Haiti has two presidents, and demonstrations continue
Haiti – Haiti is experiencing an unusual situation, it has two presidents. The opposition took advantage of loopholes in the law to name its leader and Supreme Court judge, Joseph Mécène Jean-Louise, as the country’s interim leader. The current president, Jovenel Moïse, rejects the opposition’s position and considers Jean-Louise to be a traitor. Conflicts of interest also accompany protests and violent and armed demonstrations across Haiti. The school in Gonaïves, with which the Archdiocesan Caritas Olomouc cooperates, has temporarily suspended its operations for safety reasons, but this is only a preventive measure.
Daily street fighting, demonstrations and armed protests are taking place not only in Haiti’s capital, Port-au-Prince, but also in other parts of the country. An exception are not even the city of Gonaïves, in which the Center St. Joseph, which is supported by the Archdiocesan Caritas Olomouc. Although the centre’s premises are not directly affected by the ongoing protests and demonstrations, for preventive reasons, the center was temporarily closed and the on-site training was interrupted. “The children who come to us come from different parts of the city. However, moving around the city is very dangerous now, so we decided to temporarily suspend teaching until the situation calms down a bit,” explains Margaret Michael, headmaster of the St. Joseph center.
The reason for the conflicts is the current stalemate accompanying the “exchange” of presidents in Haiti. Former haitian president Jovenel Moïse took office in 2017. However, he was heavily criticized during his government, mainly for corruption or the violent repression of protests by Haitian citizens. But how could it happen that two men came to the head of the state at the same time?
The thorny path of Moïse leading to the role of leader of the country
The election of president Moïs as head of state was accompanied by a great deal of controversy. The country’s presidential election took place in October 2015. At that time, Moïse won his first candidate in the first round of elections. However, the post-election poll showed that Moïse received a very low number of votes and many observers called the results affected. This fact raised a wave of resentment and thousands of residents took to the streets in violent protests. Four months after the election, the term of office of incumbent president Mertelly ended in February 2016, and in order to keep Haiti without a leader, Haitian politician and tax expert Jocelerme Privert was appointed interim head of state at the beginning of the year.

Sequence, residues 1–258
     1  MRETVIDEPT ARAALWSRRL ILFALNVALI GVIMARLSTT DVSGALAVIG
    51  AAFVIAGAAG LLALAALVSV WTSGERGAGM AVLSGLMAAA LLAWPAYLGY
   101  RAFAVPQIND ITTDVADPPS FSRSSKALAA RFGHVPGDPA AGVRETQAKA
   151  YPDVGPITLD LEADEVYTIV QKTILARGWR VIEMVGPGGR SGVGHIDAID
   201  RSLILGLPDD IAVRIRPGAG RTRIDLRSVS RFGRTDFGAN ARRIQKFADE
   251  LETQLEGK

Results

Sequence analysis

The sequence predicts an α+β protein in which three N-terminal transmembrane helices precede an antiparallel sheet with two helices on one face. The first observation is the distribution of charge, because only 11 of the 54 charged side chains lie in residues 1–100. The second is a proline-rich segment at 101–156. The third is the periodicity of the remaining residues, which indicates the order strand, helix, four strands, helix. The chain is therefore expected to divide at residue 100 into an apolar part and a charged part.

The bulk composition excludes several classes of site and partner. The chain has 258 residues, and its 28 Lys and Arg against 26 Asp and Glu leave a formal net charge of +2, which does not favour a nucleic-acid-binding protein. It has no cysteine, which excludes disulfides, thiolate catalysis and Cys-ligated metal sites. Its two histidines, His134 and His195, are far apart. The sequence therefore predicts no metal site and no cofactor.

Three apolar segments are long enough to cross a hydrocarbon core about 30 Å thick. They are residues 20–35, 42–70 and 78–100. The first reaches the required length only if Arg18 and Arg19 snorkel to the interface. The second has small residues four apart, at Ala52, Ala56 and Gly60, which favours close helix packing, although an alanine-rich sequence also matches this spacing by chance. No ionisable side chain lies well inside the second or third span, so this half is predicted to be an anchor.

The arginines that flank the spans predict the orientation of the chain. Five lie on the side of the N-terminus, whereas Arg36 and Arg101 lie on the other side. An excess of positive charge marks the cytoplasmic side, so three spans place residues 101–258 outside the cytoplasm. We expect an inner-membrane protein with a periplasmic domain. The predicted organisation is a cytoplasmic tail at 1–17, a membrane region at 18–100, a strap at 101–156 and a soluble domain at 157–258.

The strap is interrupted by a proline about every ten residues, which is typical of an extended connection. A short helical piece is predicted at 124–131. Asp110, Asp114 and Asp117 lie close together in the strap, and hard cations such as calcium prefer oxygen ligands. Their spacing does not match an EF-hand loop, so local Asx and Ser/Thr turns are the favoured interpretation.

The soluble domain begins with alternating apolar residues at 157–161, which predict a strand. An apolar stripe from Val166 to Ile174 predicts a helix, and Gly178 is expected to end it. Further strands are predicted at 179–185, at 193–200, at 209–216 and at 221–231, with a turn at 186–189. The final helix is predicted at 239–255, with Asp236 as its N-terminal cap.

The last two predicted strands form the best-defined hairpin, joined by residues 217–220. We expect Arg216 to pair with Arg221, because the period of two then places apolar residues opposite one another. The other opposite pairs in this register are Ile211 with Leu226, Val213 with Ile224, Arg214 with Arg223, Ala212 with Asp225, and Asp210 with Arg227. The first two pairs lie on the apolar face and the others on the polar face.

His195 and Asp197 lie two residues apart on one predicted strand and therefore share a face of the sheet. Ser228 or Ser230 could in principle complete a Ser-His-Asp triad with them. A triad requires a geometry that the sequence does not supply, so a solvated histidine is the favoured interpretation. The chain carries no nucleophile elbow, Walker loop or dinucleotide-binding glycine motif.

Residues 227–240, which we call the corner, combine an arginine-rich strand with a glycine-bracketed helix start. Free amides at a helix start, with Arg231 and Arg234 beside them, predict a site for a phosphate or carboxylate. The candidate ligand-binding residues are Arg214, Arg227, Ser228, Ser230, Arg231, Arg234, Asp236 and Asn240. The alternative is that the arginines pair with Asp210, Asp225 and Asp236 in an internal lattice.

It is November 2016, Jocelerme Privert is the interim president, and more elections are being held in Haiti. It has been nine months since the last government-duly elected leader of the country, Martella, left office. The situation from the previous year is already closed and Moïse is running in the last round of the presidential election. Like the previous year, this year he receives the largest number of votes, officially becoming the Haitian president. However, he will not take the oath until February 2017.
Two presidents: Mertelly’s resignation as an opportunity for the opposition
Former haiti president Michel Martelly resigned as head of state after a standard five-year term on February 7, 2016. A year later, in February 2017, Jovenel Moïse became president.
Now, in 2021, cities across Haiti are once again full of protesters, with Moïse recalling three Supreme Court judges in early February. On the same day, armed demonstrations and a demand to dismiss president Moïs resonate in the capital. A day later, the Haitian opposition claims that Mr Moïs’ five-year term should end on February 7, 2021, five years after the resignation of his predecessor, Michel Martelly. They not only want his resignation, but also directly elects the country’s new leader, Joseph Mécène Jean-Louise. Moïse rejects the position of the opposition and refers to the fact that he took the oath when he took office only on February 7, 2017. According to the law, according to the law, he should leave office after five years, ie in February 2022.
Unclear developments in the future
Due to a loophole in the law, both presidents are still legally in office. However, as many times in the country’s history, the development of current events in Haiti in the future is unclear. The current situation and relations between Moïs and the opposition are not sustainable in the long run. “We, the staff of the Archdiocesan Caritas Olomouc, are in our thoughts with our Haitian partners and we hope that the situation will be resolved quickly and, if possible, as calmly as possible. Center St. Joseph had to be shut down preventively due to the conflicts, and we hope that our other two friendly centers in Baie-de-Henne and Roche-au-Bateaux will not have to do so,” said Lada Matyášová, a project coordinator in Haiti.
Kateřina Biolková, Archdiocesan Caritas Olomouc